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· 5 min read
Tim Post

The sun has just about set on another Saturday evening and I've spent a lot of time thinking about personalities. Some thinking has been about my own and who I need to be for Echoreply to be successful, as well as who Echoreply needs to be as it starts taking off from the soul shard or two that I put in it.

We as marketers are charged with personifying organizations in an effort to make them more relateable, and if you follow frozen beef sheets on Twitter, you're looking at a new professional art form. We as marketers do this extremely well and that .. worries me sometimes in the world of software that we live in.

I've arrived at corporate personification being harmful and I need no other evidence beyond how much effort we believe is required for human beings to relate to other human beings on behalf of a brand. Why do we insist that organizations, comprised mostly of human beings, are less human and fallable than the sum of the humans they consist of? Why don't we just be ourselves and humans the 99.5% of the time that just being ourselves would be perfectly sufficient? I've come to call this "The Cult Of Tech Company Personalities" after also observing that most PR disasters I've ever directly been involved with or caused could have been averted had I just let people be themselves. This cult-like behavior really can grab ahold of you.

This phenomenon constantly tasks me because we try our best to help our clients NOT be like this; why we "Vulcanize" all of a sudden when speaking on behalf of our brand is something that keeps me up late at night and in the shower until the water runs tepid.

My approach, thus far, has been to integrate myself as much as possible in our client's product workflow and essentially bring out the character traits that the organization already has, in the form of writing guidelines and media standards that are needed for everyone to happily human together consistently when pointed outwardly.

There's always a point where people begin to wonder if the voice is too genuine; despite strict observance of all expected formailities, norms and other things, and zero evidence that changing anything would be a good idea. But, despite admitting it's irrational, our own comfort often makes us sound less like people when we communicate while working in general, magnified by 10 if we're outward-facing.

As humans we know "too nice" when we see it, often because our reaction to it is sufficiently viscereal that we can't really anticipate it. Echoreply is one of the few companies nuts enough to put serious engineering muscle into brand voice KPIs, so it leaves us with a bit of our own personality helix to decode. And that, folks, is fun stuff to work on.

We currently do a pretty good job of tracking the impact of even miniscule changes to any part of our funnels, even completely unintentional ones that we weren't specifically monitoring for -- this is thanks to really great observability and testing platforms that integrate effortlessly. However, social sentiment as well as plotting likely emotional influences in and between data sets is almost always left up to anecdotal observations distilled down by senior leaders - in other words, it goes 'out back' to die.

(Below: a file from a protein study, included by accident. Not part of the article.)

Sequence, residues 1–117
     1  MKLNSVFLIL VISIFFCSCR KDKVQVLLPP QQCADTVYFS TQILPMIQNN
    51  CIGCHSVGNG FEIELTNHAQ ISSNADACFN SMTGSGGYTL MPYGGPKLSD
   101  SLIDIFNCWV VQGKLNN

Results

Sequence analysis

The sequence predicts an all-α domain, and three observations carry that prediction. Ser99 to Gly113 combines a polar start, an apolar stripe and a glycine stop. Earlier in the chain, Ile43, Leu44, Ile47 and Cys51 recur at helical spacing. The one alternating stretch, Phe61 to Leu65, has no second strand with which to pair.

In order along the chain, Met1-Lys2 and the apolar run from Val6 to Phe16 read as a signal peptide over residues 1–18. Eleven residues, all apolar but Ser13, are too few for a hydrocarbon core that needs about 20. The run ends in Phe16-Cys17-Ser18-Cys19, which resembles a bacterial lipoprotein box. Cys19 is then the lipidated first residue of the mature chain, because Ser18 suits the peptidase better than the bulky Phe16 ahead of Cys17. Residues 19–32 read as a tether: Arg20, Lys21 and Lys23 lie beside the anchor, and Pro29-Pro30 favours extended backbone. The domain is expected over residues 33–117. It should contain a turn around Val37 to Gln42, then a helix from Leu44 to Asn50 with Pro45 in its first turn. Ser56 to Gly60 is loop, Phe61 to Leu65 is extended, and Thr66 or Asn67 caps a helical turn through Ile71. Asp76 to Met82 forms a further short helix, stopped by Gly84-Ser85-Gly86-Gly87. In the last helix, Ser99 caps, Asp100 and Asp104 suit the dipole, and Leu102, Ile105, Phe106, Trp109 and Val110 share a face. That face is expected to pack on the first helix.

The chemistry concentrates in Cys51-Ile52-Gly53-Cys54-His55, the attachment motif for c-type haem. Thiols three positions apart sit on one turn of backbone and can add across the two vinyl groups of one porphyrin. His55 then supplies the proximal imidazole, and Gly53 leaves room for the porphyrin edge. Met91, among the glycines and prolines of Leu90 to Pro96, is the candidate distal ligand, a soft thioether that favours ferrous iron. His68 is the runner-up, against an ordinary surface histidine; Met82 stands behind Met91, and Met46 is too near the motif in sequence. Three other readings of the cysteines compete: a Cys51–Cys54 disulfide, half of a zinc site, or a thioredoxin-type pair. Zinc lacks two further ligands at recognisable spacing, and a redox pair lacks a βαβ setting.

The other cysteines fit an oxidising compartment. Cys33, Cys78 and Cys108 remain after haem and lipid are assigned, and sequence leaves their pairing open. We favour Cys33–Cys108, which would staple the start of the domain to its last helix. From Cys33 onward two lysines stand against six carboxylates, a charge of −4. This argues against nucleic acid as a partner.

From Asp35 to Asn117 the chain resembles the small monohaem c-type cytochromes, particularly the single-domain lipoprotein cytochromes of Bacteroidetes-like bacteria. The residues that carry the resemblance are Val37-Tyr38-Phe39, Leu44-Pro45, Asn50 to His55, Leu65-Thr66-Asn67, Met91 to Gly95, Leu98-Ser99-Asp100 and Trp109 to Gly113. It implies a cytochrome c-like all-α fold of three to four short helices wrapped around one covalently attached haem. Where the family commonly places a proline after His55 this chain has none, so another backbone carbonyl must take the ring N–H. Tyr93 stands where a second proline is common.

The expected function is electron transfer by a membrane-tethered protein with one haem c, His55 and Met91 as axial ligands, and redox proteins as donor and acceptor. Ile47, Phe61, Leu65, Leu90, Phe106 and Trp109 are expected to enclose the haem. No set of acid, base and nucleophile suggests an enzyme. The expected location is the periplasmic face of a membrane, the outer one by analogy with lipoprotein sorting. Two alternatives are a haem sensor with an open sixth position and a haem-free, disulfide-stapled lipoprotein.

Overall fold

We need to help bridge the "I can see this anecdotally" -> "I can Show You Where This Has Been Hiding" gap. Put another way, you notice when those you trust have even tiny changes to their personalities, which can sometimes make friendships with people who are still finding their authentic selves rather diffifcult at times. Unfortunately, we far too often overcorrect for this presumption when we think about it in the sense of our business and all too often deliver ourselves like pretentious, bland and strikingly overpriced theme park food.

Echoreply's process (currently in development) flips this on its head, asserts that humans are perfectly capable of relating to one another with their own personliaties, and implements only a minimal amount of structure on communications. That's usually a very bad idea, unless you can monitor it in real time and chart corrections organization-wide in how you relate to people.

That's what gets me out of bed every day. I'm sick and tired of all the product super hero stories revolving around someone in CS or DevRel or somewhere else having to break ranks and just be human instead. Why don't we just, y'know, do that by default? I can't wait to bring that to reality with all the guard rails it needs to work.

And thanks for helping me think out loud as the sun warms the front face of our house. This and more highly-specialized KPIs will soon be available to design partners in their client area, and also available via version-0 of our REST API which is coming out a month from tomorrow.

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